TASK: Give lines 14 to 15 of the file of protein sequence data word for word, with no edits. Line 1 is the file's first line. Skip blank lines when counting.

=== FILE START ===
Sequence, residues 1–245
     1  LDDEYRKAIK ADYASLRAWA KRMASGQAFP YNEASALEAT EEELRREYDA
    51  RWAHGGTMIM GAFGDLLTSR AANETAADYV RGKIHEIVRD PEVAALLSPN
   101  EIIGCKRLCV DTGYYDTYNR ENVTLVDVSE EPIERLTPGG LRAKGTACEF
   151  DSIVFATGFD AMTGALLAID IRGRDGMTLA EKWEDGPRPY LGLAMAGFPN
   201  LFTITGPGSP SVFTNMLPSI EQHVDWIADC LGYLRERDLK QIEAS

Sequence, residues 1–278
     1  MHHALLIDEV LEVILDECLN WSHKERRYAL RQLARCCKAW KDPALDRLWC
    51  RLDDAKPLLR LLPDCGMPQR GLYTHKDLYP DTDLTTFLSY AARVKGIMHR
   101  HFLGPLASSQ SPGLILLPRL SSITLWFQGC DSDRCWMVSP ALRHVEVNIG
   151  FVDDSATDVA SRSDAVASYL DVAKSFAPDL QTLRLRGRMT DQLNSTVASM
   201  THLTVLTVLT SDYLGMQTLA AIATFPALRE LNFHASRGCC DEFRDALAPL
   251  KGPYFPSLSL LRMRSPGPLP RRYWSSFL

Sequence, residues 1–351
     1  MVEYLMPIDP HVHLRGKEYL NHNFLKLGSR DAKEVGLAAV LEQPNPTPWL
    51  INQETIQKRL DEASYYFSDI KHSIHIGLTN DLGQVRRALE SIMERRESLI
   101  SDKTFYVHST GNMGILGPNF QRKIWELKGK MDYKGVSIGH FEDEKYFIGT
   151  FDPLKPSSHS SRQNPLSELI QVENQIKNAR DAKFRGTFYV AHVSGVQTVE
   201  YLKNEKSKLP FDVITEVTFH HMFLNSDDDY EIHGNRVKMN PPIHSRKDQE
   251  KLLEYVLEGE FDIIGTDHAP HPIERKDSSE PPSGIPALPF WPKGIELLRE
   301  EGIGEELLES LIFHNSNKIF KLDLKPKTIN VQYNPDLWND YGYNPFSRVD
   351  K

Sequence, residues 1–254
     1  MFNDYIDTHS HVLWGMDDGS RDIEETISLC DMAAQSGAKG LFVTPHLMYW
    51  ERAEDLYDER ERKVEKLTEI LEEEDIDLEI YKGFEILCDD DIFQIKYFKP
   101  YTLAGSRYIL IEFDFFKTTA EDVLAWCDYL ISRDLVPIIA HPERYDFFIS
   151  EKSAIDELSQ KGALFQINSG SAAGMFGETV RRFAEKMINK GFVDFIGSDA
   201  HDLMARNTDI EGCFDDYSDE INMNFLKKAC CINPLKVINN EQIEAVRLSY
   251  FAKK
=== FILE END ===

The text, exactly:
Sequence, residues 1–351
     1  MVEYLMPIDP HVHLRGKEYL NHNFLKLGSR DAKEVGLAAV LEQPNPTPWL